New Allegations Against R. Kelly Involve Abuse Of Young Boys
Federal prosecutors in R. Kelly‘s human trafficking case said that he engaged in contact with underage boys, as well as girls, and want the jury in his upcoming trial to hear the claims. They introduced additional allegations, not charges, against the Grammy Award-winner in a court filing on Friday.
Kelly was previously charged with orchestrating what prosecutors have referred to as a criminal enterprise – a network of managers, bodyguards and employees who were either complicit or actively helped the artist groom and abuse six different young girls.
There are even more allegations, involving over a dozen people who accuse Kelly of abusing them, sexually or physically, manipulating them or otherwise mistreating them. Prosecutors made it clear in the recent court filing that they would like jurors to hear the testimony of allegations outside of the explicit charges.
The R&B singer’s lawyers were made aware of the government’s intentions through a message on Saturday.
Jury selection for the case is set to start on August 9 in a New York federal court.
One such allegation that has made headlines is the fact that Kelly reportedly became sexually involved with an underage boy he met and groomed for several years. He was introduced to the teenager through another male minor. In addition to his sexual contact with the youths, Kelly also allegedly filmed them in sexual encounters with other people, including some of his own girlfriends.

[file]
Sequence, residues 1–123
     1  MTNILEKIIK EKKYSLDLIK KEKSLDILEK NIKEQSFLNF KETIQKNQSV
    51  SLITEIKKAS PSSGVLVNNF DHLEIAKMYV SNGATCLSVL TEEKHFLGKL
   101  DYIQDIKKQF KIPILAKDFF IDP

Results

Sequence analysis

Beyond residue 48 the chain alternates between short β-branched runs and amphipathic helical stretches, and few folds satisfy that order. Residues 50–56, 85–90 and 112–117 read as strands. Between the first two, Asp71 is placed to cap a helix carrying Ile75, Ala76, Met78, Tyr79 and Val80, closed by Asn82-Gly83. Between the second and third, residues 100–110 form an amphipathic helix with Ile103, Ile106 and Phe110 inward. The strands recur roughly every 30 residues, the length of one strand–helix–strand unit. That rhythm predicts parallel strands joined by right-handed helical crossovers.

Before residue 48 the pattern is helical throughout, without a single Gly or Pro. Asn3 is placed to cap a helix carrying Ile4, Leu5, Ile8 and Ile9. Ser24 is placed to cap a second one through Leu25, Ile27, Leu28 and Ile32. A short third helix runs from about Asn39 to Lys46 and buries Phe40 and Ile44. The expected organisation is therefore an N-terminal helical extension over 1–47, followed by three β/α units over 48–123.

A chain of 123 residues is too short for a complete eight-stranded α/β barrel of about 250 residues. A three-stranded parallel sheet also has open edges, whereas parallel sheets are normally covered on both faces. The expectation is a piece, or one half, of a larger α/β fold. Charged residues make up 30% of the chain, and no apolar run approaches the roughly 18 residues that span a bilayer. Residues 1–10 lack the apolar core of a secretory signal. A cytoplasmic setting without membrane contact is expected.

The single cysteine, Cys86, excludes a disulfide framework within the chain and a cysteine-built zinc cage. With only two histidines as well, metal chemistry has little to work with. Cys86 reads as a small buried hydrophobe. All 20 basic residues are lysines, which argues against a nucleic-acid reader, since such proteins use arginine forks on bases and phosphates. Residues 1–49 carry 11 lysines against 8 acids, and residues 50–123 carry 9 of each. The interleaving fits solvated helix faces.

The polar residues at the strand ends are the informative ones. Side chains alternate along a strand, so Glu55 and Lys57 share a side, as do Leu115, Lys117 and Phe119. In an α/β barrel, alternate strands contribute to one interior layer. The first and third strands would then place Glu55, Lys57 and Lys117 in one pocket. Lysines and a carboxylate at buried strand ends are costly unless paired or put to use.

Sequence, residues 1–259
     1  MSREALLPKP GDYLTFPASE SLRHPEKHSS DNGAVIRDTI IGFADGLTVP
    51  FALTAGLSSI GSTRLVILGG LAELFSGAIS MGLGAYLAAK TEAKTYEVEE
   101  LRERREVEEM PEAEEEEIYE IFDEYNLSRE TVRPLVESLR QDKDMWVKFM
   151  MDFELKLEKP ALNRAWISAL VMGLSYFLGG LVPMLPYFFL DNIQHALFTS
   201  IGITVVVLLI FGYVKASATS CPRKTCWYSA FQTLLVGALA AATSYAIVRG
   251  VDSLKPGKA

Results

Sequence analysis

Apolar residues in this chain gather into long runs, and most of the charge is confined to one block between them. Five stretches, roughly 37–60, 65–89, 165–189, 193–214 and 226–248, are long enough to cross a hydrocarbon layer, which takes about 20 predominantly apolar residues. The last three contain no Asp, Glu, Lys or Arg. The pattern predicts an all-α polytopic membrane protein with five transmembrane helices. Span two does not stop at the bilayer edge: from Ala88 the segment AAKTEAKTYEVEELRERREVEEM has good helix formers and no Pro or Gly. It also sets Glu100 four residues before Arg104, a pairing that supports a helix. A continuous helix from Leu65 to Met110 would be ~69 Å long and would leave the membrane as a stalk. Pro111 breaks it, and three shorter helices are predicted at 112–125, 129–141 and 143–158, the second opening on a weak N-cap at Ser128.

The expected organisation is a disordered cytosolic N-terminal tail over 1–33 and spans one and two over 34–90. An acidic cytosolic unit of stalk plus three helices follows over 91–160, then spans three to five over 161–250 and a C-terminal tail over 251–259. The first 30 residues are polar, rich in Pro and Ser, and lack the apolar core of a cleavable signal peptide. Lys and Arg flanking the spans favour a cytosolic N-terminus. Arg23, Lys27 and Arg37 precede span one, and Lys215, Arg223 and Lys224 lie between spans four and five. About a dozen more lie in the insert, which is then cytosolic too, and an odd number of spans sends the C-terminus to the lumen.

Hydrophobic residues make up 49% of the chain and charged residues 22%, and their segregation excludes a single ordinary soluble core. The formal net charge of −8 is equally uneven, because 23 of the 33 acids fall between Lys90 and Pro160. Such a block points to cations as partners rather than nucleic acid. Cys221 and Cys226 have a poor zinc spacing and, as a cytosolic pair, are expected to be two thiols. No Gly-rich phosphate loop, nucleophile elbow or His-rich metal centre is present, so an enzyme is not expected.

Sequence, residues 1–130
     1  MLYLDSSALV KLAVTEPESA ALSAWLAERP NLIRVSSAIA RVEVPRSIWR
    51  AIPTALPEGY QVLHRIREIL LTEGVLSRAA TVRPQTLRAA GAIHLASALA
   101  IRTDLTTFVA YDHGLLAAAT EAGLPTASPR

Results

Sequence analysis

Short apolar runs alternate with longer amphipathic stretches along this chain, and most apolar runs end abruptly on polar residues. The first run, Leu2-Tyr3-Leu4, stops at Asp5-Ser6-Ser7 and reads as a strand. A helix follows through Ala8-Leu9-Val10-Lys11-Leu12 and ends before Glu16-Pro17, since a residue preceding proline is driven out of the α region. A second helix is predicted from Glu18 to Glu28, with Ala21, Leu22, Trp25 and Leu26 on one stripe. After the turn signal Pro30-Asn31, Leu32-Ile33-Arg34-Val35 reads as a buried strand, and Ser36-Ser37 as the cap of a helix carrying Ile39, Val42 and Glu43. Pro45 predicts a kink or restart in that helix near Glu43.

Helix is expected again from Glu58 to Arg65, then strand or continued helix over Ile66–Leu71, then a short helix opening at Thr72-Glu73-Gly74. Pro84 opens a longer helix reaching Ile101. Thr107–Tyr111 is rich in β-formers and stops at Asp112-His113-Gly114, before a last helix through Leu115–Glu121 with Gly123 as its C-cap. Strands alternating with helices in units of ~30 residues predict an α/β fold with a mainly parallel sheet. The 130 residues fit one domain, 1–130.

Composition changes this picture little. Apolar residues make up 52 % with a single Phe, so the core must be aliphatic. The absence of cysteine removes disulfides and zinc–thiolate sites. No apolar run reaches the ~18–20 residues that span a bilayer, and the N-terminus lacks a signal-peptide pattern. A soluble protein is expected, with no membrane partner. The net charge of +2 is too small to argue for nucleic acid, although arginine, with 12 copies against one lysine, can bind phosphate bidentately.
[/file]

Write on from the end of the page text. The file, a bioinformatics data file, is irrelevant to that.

Prosecutors believe that the 54-year-old’s interactions with the minors and other accusers not included in the actual charges show that his actions toward the six girls “were not isolated events and were part of a larger pattern.”
The singer, who currently faces charges in multiple states regarding sexual crimes, has also attempted to bribe several government workers, prosecutors say. In one specific instance recorded by the feds, Kelly’s crisis manager “told Kelly that he had ‘two people’ who know a lot and told Kelly ‘to figure out what you can do for them,'” suggesting that the workers would accept bribes.
The crisis manager then told Kelly he “paid a clerk in Cook County $2,500 … in order to obtain information about Kelly’s legal trouble,” in another recorded conversation.
Kelley maintains his innocence.